It appears many Consultants and senior NHS staff are opting out of the NHS Pension which means they are leaving the scheme. This in turn means they lose future benefits.
The main reason for this is the increase in tax bills many are facing as a result of a change to the pension Annual Allowance rules.
There’s also another group of members who appear to be opting out at an increasing rate. Younger NHS staff who don’t feel they can afford the contribution levels they need to make and/or don’t understand the benefits.
Opting out could be a terrible mistake.
Opting out of the NHS Pension – Reasons against
#1 – You need some form of additional income in retirement
If you don’t make your own provision for retirement then you may struggle financially to ever give up work.
Whilst working for 35 years will probably mean you qualify for the State pension, at around £8,500 per year this is probably not going to cut it.
#2 – Significant employer contributions
It’s not just you that pays into your NHS Pension scheme. Your employer makes a significant contribution too which is set by law.
This means your future income is likely to be much higher than other types of private defined benefit pensions.
#3 – NHS pension is a guaranteed income for life
When you reach retirement age the annual pension income you’ve built up inside the NHS Pension will pay out for the rest of your life, no matter how long you live.
It’s backed by government so pretty much as safe as you can get.
#4 – A retirement income that keeps up with inflation
Your NHS Pension retirement income will keep up with the rise in cost of living. This means, in most years, your retirement income will increase.
#5 – No investment risk when building your NHS Pension ‘pot’
The income due in retirement and the way it is calculated are all written into the NHS Pension rules. You don’t have to worry about how the stock market is performing or how the economy is doing.
#6 – Reduced income for your spouse
As well as being paid a guaranteed income for life in retirement. On your death your spouse could also be entitled to a reduced income for the rest of their life.
#7 – Lump sum death benefits
As well as your spouse receiving a reduced income in retirement from your NHS Pension they could also benefit from a large tax free lump sum payout.
#8 – You can build up additional NHS Pension
The NHS Pension offers Additional Voluntary Contributions (AVCs) that pay into a separate pot, that allows you to increase your retirement income.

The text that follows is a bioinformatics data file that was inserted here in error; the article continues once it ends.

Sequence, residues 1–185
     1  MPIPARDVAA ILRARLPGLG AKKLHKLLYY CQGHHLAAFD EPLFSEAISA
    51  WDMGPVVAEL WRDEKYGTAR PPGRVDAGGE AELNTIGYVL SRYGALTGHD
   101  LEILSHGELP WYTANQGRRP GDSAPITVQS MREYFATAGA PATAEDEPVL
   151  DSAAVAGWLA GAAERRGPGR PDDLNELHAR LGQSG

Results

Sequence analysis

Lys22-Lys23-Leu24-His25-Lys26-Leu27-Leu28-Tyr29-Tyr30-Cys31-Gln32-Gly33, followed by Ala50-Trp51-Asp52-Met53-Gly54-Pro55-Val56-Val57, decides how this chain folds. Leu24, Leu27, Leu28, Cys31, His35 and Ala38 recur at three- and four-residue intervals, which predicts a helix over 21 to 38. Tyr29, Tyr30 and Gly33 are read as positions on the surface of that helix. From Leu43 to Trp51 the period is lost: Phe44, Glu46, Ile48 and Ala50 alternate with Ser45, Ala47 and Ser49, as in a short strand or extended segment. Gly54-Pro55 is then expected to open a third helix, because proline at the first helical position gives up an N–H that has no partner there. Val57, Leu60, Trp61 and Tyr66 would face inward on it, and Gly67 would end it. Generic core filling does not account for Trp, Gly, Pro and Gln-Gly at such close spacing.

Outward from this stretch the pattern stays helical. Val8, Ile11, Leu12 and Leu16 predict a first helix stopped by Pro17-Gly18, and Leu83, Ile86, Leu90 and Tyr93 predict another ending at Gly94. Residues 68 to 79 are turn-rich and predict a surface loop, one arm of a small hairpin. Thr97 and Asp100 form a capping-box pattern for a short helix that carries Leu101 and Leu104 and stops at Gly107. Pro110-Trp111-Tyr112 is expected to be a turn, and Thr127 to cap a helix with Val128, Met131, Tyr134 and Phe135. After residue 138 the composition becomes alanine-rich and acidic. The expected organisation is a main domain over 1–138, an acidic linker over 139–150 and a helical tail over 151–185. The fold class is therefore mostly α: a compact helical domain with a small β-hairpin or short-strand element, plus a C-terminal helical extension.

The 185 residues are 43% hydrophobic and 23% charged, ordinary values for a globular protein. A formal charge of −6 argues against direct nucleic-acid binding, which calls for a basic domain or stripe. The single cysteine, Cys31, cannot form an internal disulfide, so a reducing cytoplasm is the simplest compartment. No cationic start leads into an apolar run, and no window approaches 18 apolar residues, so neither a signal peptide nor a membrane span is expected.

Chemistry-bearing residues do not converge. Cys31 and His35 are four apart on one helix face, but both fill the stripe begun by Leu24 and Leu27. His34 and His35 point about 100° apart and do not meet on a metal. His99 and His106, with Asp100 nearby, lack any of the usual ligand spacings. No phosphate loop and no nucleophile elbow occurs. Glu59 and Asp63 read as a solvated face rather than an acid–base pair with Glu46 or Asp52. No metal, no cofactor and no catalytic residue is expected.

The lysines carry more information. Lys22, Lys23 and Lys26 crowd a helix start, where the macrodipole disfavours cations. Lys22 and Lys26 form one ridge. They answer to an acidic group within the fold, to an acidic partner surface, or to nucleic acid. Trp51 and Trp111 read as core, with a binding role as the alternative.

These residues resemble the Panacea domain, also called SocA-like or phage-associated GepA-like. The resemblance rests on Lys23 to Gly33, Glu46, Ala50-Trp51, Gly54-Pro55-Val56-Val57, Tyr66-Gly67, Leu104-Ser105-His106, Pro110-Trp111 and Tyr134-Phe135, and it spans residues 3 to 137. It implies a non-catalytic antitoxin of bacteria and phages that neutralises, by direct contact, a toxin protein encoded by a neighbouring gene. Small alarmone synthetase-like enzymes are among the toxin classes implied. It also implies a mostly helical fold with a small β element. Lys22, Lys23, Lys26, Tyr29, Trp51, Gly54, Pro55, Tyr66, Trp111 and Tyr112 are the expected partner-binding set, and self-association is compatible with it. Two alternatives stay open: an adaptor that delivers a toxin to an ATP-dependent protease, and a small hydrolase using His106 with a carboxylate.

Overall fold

Really handy if you are awarded bonuses or receive an inheritance.
#9 – Look at your net position when assessing the tax implications
Yes, many Consultants are hitting the Lifetime and Annual Allowance when it comes to their NHS Pension but just because you are paying more in taxes than before doesn’t mean you’re not still better off overall.
#10 – A private personal pension cannot give you the same security of benefits
With a personal defined contribution pension you will not have a guaranteed income in retirement. Your money will be invested and therefore at risk from stock market falls, reducing the value of your pension.
What to do next if you’re still thinking of opting out of the NHS pension
Seek advice from a professional Financial Adviser who is experienced in dealing with people like you. It’s as simple as that.
No matter what you read in the press or which colleague you talk to, this is complex stuff and everyone’s situation is unique.
It is vital you don’t make the mistake of giving up valuable benefits (that you can’t get back) without knowing where you stand first.
If you would like help understanding your position and whether you should be opting out of the NHS Pension then why not take advantage of our free 15 minute call. You can speak to a Chartered Financial Planner who will listen to your situation, give you an outline of what you need to consider and guide you in the right direction.
Stock market linked investments and any income from them, can fall as well as rise and is not guaranteed. Any figures quoted are for illustrative purposes and should not be taken as a forecast or guarantee. Past performance should not be seen as an indication of future returns and clients may get back less than they have invested.